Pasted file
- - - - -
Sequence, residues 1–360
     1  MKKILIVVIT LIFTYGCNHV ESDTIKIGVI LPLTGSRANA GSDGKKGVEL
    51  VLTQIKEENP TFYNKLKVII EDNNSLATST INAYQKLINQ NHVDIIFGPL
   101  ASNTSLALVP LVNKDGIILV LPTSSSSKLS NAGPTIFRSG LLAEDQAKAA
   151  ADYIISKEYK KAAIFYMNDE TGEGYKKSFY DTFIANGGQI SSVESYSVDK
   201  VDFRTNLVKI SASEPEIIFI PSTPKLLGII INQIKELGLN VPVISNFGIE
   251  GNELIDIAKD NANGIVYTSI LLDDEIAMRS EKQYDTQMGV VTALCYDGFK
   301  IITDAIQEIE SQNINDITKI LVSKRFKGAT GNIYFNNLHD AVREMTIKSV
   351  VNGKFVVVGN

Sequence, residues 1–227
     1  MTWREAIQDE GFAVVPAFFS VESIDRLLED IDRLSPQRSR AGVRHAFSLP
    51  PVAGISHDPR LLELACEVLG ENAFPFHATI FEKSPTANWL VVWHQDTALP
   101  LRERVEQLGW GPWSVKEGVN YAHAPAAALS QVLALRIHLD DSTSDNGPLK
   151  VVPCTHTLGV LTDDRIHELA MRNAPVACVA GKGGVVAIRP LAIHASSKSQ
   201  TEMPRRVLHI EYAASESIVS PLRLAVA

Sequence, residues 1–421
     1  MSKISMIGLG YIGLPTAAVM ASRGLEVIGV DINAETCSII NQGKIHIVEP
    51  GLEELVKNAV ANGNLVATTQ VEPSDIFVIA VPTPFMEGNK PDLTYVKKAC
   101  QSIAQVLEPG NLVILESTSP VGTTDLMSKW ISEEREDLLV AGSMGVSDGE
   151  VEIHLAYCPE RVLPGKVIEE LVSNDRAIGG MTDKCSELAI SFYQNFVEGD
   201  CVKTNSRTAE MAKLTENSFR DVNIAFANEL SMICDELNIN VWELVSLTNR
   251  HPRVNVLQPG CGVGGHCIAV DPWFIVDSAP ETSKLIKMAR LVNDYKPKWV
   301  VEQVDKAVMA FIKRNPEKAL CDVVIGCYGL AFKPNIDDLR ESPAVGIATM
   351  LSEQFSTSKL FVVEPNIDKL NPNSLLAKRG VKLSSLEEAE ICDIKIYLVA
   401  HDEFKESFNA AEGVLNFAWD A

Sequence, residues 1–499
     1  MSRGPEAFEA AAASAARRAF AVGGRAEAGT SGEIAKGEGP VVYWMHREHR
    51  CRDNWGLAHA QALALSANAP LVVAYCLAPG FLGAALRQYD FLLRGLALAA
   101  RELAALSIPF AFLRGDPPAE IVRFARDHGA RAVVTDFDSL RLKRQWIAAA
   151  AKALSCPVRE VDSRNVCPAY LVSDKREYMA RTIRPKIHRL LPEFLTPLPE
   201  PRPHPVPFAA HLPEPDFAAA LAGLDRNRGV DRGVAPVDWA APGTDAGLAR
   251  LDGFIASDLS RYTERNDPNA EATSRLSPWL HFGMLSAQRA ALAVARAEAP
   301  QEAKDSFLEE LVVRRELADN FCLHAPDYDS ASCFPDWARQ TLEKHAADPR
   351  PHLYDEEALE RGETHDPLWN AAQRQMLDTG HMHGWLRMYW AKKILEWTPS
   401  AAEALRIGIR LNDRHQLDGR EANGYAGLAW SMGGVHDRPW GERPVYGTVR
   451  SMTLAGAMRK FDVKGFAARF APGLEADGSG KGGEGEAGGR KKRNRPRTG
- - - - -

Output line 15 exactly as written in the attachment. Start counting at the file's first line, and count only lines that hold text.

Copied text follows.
   201  TEMPRRVLHI EYAASESIVS PLRLAVA